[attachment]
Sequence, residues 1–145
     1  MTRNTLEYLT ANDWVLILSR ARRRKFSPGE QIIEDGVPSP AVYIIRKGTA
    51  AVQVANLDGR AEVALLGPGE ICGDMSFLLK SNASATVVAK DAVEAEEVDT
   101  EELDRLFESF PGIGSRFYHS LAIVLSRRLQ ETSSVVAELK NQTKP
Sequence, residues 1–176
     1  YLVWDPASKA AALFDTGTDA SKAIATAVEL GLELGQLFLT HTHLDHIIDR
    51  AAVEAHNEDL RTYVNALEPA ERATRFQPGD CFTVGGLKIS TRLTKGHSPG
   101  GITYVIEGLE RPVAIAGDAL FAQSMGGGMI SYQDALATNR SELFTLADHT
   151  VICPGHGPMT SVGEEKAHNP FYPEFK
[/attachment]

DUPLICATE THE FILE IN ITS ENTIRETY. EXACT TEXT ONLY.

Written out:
Sequence, residues 1–145
     1  MTRNTLEYLT ANDWVLILSR ARRRKFSPGE QIIEDGVPSP AVYIIRKGTA
    51  AVQVANLDGR AEVALLGPGE ICGDMSFLLK SNASATVVAK DAVEAEEVDT
   101  EELDRLFESF PGIGSRFYHS LAIVLSRRLQ ETSSVVAELK NQTKP
Sequence, residues 1–176
     1  YLVWDPASKA AALFDTGTDA SKAIATAVEL GLELGQLFLT HTHLDHIIDR
    51  AAVEAHNEDL RTYVNALEPA ERATRFQPGD CFTVGGLKIS TRLTKGHSPG
   101  GITYVIEGLE RPVAIAGDAL FAQSMGGGMI SYQDALATNR SELFTLADHT
   151  VICPGHGPMT SVGEEKAHNP FYPEFK